In a move that one former United States attorney described as the equivalent of “lighting yourself on fire in front of the Department of Justice,” Russia investigation special counsel Robert Mueller on March 27 wrote a letter to Attorney General William Barr sharply rebuking him for his four-page letter in which Barr concluded that the Mueller report did not contain evidence of obstruction of justice by Donald Trump. Writing the letter was an extraordinary move by Mueller, because Justice department officials rarely “go to paper” with criticisms of each other, a Politico report noted.
But by “going to paper” with his criticism of Barr — with whom he has been personal friends for decades — Mueller provided clear evidence that Barr made a false statement to Congress in his testimony to the Senate Committee on Appropriations, testimony he delivers on April 10, two weeks after he received the highly critical letter from Mueller, according to CNN, reporting via Twitter.
In his April 10 testimony, Barr was asked by Maryland Democratic Senator Chris Van Hollen, “Did Bob Mueller support your conclusion?”
“I don’t know whether Bob Mueller supported my conclusion,” Barr replied — falsely characterizing Mueller’s expression of disapproval in the letter, as well as concealing the existence of the letter itself.
On April 20th, I asked Barr, “Did Bob Mueller support your conclusion?” His answer was, “I don’t know whether Mueller supported my conclusion.”
We now know Mueller stated his concerns on March 27th, and that Barr totally misled me, the Congress, and the public. He must resign. pic.twitter.com/rod404BbYo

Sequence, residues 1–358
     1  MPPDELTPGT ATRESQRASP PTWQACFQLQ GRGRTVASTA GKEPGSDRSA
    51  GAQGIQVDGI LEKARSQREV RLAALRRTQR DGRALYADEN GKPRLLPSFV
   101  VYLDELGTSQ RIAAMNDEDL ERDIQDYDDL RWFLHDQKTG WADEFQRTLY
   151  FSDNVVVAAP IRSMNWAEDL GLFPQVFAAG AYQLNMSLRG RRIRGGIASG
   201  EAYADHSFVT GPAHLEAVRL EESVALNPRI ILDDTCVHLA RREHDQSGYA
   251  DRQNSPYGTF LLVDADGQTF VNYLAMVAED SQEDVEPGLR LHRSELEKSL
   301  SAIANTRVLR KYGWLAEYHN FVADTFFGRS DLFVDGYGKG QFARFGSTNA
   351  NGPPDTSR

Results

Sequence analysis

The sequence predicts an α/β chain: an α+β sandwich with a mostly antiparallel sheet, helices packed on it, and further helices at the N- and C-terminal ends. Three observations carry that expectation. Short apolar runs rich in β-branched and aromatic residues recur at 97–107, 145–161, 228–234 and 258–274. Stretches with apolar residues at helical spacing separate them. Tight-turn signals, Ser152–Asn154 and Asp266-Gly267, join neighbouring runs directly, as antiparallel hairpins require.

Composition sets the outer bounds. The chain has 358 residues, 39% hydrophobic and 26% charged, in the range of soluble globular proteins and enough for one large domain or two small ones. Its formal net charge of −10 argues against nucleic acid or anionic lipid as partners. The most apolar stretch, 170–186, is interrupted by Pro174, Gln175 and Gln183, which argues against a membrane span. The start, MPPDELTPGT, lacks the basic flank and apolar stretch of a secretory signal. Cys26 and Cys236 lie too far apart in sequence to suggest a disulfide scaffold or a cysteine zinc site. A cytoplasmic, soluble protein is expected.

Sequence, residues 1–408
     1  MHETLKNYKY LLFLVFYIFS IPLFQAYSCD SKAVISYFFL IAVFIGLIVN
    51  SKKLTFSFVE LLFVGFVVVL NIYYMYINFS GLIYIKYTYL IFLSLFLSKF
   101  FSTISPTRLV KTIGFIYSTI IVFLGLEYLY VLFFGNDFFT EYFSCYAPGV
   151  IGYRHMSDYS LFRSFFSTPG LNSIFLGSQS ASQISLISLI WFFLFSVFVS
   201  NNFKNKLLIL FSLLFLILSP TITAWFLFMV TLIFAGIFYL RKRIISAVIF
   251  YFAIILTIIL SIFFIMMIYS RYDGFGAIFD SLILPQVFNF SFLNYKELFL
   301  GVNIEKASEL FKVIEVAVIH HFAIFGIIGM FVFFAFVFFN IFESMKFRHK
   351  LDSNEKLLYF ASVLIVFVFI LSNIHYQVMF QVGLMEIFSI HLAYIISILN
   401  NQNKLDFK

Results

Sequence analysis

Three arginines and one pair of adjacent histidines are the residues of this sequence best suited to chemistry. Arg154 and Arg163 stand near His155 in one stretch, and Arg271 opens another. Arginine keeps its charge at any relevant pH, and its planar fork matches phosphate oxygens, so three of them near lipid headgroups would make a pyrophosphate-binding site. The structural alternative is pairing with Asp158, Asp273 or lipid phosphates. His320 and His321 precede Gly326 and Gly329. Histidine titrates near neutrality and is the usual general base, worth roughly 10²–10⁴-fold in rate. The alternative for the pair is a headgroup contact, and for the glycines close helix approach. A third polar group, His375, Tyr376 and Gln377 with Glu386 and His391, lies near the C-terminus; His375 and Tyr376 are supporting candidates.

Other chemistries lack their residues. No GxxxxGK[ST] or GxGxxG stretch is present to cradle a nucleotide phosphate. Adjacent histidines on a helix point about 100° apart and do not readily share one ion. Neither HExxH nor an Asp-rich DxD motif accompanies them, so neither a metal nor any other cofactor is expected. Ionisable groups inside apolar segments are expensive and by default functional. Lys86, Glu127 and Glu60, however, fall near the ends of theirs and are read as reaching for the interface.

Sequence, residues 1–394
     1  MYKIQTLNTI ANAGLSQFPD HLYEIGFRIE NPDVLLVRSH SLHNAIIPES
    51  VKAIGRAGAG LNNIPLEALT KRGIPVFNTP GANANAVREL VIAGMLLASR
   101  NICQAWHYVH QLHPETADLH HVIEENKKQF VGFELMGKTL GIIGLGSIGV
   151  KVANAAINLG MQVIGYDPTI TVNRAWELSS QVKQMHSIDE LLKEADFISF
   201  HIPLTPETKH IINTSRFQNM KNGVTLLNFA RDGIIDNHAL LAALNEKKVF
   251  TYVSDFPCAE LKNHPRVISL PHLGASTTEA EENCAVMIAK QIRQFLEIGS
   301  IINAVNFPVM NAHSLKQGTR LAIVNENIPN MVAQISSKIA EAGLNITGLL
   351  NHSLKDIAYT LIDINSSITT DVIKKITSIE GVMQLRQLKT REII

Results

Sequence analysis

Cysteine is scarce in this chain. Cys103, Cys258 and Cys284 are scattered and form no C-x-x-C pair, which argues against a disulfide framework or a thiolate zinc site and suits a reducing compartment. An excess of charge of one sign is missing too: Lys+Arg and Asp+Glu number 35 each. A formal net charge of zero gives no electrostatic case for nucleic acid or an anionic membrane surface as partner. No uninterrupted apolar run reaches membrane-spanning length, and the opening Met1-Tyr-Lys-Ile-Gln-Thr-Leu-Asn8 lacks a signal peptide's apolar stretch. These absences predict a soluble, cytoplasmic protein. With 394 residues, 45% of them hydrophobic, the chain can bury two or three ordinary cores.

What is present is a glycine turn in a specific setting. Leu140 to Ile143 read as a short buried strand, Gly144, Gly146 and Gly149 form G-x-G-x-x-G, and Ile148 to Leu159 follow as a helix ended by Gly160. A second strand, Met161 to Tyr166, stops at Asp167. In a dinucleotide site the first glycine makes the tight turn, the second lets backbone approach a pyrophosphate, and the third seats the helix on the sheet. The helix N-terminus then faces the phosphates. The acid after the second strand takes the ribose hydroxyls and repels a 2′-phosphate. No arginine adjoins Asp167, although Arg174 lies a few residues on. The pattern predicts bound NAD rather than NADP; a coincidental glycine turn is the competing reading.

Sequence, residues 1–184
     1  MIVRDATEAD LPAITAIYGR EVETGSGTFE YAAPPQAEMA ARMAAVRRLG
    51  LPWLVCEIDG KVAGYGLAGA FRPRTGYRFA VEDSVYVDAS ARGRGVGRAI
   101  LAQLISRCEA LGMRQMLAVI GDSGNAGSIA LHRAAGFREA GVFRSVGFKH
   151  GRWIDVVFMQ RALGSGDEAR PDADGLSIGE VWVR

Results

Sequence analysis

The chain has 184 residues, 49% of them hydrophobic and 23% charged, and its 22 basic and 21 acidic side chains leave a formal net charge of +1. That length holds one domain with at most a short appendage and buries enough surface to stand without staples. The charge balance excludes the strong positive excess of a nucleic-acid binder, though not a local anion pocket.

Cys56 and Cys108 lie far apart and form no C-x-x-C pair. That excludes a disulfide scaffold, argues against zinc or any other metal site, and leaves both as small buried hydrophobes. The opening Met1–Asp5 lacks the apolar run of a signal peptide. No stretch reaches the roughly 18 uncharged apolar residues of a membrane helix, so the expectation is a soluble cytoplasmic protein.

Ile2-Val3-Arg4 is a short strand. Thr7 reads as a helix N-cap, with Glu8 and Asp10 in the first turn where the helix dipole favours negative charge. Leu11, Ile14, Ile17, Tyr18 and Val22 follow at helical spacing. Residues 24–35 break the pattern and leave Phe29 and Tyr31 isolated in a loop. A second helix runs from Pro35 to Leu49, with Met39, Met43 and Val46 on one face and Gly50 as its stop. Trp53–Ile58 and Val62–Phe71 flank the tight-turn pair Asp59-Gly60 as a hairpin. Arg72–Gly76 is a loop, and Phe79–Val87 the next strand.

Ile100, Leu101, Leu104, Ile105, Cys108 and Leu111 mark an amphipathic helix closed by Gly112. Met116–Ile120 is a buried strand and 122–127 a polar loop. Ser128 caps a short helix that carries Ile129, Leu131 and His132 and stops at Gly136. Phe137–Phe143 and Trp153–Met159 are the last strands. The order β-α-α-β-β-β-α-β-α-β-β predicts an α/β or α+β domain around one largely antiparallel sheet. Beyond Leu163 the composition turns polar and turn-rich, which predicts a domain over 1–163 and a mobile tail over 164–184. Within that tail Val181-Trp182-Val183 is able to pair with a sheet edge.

— Chris Van Hollen (@ChrisVanHollen) May 1, 2019
As The Inquisitr reported, Mueller in his letter scolded Barr for failing in his March 24 summary of the Mueller report sent to Congress to “capture the context, nature, and substance of (the special counsel) office’s work and conclusions.”
Mueller in his letter lamented the fact that Barr’s summary, with its conclusion that Trump did not commit an obstruction of justice felony, had caused “public confusion about critical aspects of the results of our investigation.”
Mueller in his letter spelled out his objections to Barr’s summary “in stark terms that shocked senior Justice Department officials,” according to the Washington Post report that first revealed the existence of the Mueller letter.
Former United States Attorney for the Western District of Pennsylvania Harry Litman, writing on his Twitter feed, expressed shock that the normally reticent Mueller, who has not made a single public statement about his investigation, would pen the letter at all.
“It’s a declaration of war,” Litman wrote. “Everybody realizes it’s a loaded bomb that could go off anytime. For the laconic and obedient Mueller, it’s almost like lighting yourself on fire in front of the DOJ.”
Barr is scheduled to testify again on Wednesday, May 1, this time to the Senate Judiciary Committee. In his testimony, according to his prepared opening statement posted via Document Cloud, Barr will announce that Mueller’s investigation is now “at its end.”
In the statement, Barr also argues that he had no choice other than to render a decision on whether Trump committed obstruction of justice, but according to Georgetown University law professor Marty Lederman, on his Twitter feed, Barr’s claim is simply wrong.